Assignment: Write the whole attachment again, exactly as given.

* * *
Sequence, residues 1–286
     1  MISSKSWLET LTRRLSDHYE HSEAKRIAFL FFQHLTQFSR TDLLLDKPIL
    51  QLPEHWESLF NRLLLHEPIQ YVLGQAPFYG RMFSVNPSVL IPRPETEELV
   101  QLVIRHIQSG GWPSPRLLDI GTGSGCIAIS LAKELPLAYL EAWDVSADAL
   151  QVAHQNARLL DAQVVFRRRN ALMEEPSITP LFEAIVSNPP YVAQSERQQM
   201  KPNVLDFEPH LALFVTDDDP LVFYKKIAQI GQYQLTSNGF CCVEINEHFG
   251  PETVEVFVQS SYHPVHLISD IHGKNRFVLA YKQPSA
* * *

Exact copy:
Sequence, residues 1–286
     1  MISSKSWLET LTRRLSDHYE HSEAKRIAFL FFQHLTQFSR TDLLLDKPIL
    51  QLPEHWESLF NRLLLHEPIQ YVLGQAPFYG RMFSVNPSVL IPRPETEELV
   101  QLVIRHIQSG GWPSPRLLDI GTGSGCIAIS LAKELPLAYL EAWDVSADAL
   151  QVAHQNARLL DAQVVFRRRN ALMEEPSITP LFEAIVSNPP YVAQSERQQM
   201  KPNVLDFEPH LALFVTDDDP LVFYKKIAQI GQYQLTSNGF CCVEINEHFG
   251  PETVEVFVQS SYHPVHLISD IHGKNRFVLA YKQPSA